International Association for Cryptologic Research

International Association
for Cryptologic Research

CryptoDB

Diego F. Aranha

Publications

Year
Venue
Title
2022
PKC
Count Me In! Extendablity for Threshold Ring Signatures
Ring signatures enable a signer to sign a message on behalf of a group anonymously, without revealing her identity. Similarly, threshold ring signatures allow several signers to sign the same message on behalf of a group; while the combined signature reveals that some threshold t of group members signed the message, it does not leak anything else about the signers’ identities. Anonymity is a central feature in threshold ring signature applications, such as whistleblowing, e-voting and privacy-preserving cryptocurrencies: it is often crucial for signers to remain anonymous even from their fellow signers. When the generation of a signature requires interaction, this is diffcult to achieve. There exist threshold ring signatures with non-interactive signing — where signers locally produce partial signatures which can then be aggregated — but a limitation of existing threshold ring signature constructions is that all of the signers must agree on the group on whose behalf they are signing, which implicitly assumes some coordination amongst them. The need to agree on a group before generating a signature also prevents others — from outside that group — from endorsing a message by adding their signature to the statement post-factum. We overcome this limitation by introducing extendability for ring signatures, same-message linkable ring signatures, and threshold ring signatures. Extendability allows an untrusted third party to take a signature, and extend it by enlarging the anonymity set to a larger set. In the extendable threshold ring signature, two signatures on the same message which have been extended to the same anonymity set can then be combined into one signature with a higher threshold. This enhances signers’ anonymity, and enables new signers to anonymously support a statement already made by others. For each of those primitives, we formalize the syntax and provide a meaningful security model which includes different flavors of anonymous extendability. In addition, we present concrete realizations of each primitive and formally prove their security relying on signatures of knowledge and the hardness of the discrete logarithm problem. We also describe a generic transformation to obtain extendable threshold ring signatures from same-message-linkable extendable ring signatures. Finally, we implement and benchmark our constructions.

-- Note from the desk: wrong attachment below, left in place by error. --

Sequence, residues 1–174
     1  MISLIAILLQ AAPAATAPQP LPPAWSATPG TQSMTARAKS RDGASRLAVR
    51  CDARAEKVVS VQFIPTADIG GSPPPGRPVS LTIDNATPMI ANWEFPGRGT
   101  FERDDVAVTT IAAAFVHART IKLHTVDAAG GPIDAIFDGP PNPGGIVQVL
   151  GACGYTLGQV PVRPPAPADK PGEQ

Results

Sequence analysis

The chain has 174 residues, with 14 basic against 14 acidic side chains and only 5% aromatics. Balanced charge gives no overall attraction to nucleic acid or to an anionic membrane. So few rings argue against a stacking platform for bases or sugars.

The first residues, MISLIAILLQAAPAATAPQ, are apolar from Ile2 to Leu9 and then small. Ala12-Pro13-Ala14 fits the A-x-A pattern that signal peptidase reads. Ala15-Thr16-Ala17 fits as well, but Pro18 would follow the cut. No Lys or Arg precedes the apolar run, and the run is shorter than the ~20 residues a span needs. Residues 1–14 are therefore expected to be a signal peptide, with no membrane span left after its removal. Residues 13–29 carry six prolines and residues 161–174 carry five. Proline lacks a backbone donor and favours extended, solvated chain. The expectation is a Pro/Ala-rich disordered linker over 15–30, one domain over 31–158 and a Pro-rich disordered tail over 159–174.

2022
PKC
ECLIPSE: Enhanced Compiling method for Pedersen-committed zkSNARK Engines
We advance the state-of-the art for zero-knowledge commit-and-prove SNARKs (CP-SNARKs). CP-SNARKs are an important class of SNARKs which, using commitments as ``glue'', allow to efficiently combine proof systems---e.g., general-purpose SNARKs (an efficient way to prove statements about circuits) and $\Sigma$-protocols (an efficient way to prove statements about group operations). Thus, CP-SNARKs allow to efficiently provide zero-knowledge proofs for composite statements such as $h=H(g^{x})$ for some hash-function $H$. Our main contribution is providing the first construction of CP-SNARKs where the proof size is succinct in the number of commitments. We achieve our result by providing a general technique to compile Algebraic Holographic Proofs (AHP) (an underlying abstraction used in many modern SNARKs) with special ``decomposition'' properties into an efficient CP-SNARK. We then show that some of the most efficient AHP constructions---Marlin, PLONK, and Sonic---satisfy our compilation requirements. Our resulting SNARKs achieve universal and updatable reference strings, which are highly desirable features as they greatly reduce the trust needed in the SNARK setup phase.
2021
TCHES
Revisiting the functional bootstrap in TFHE 📺
The FHEW cryptosystem introduced the idea that an arbitrary function can be evaluated within the bootstrap procedure as a table lookup. The faster bootstraps of TFHE strengthened this approach, which was later named Functional Bootstrap (Boura et al., CSCML’19). From then on, little effort has been made towards defining efficient ways of using it to implement functions with high precision. In this paper, we introduce two methods to combine multiple functional bootstraps to accelerate the evaluation of reasonably large look-up tables and highly precise functions. We thoroughly analyze and experimentally validate the error propagation in both methods, as well as in the functional bootstrap itself. We leverage the multi-value bootstrap of Carpov et al. (CT-RSA’19) to accelerate (single) lookup table evaluation, and we improve it by lowering the complexity of its error variance growth from quadratic to linear in the value of the output base. Compared to previous literature using TFHE’s functional bootstrap, our methods are up to 2.49 times faster than the lookup table evaluation of Carpov et al. (CT-RSA’19) and up to 3.19 times faster than the 32-bit integer comparison of Bourse et al. (CT-RSA’20). Compared to works using logic gates, we achieved speedups of up to 6.98, 8.74, and 3.55 times over 8-bit implementations of the functions ReLU, Addition, and Maximum, respectively.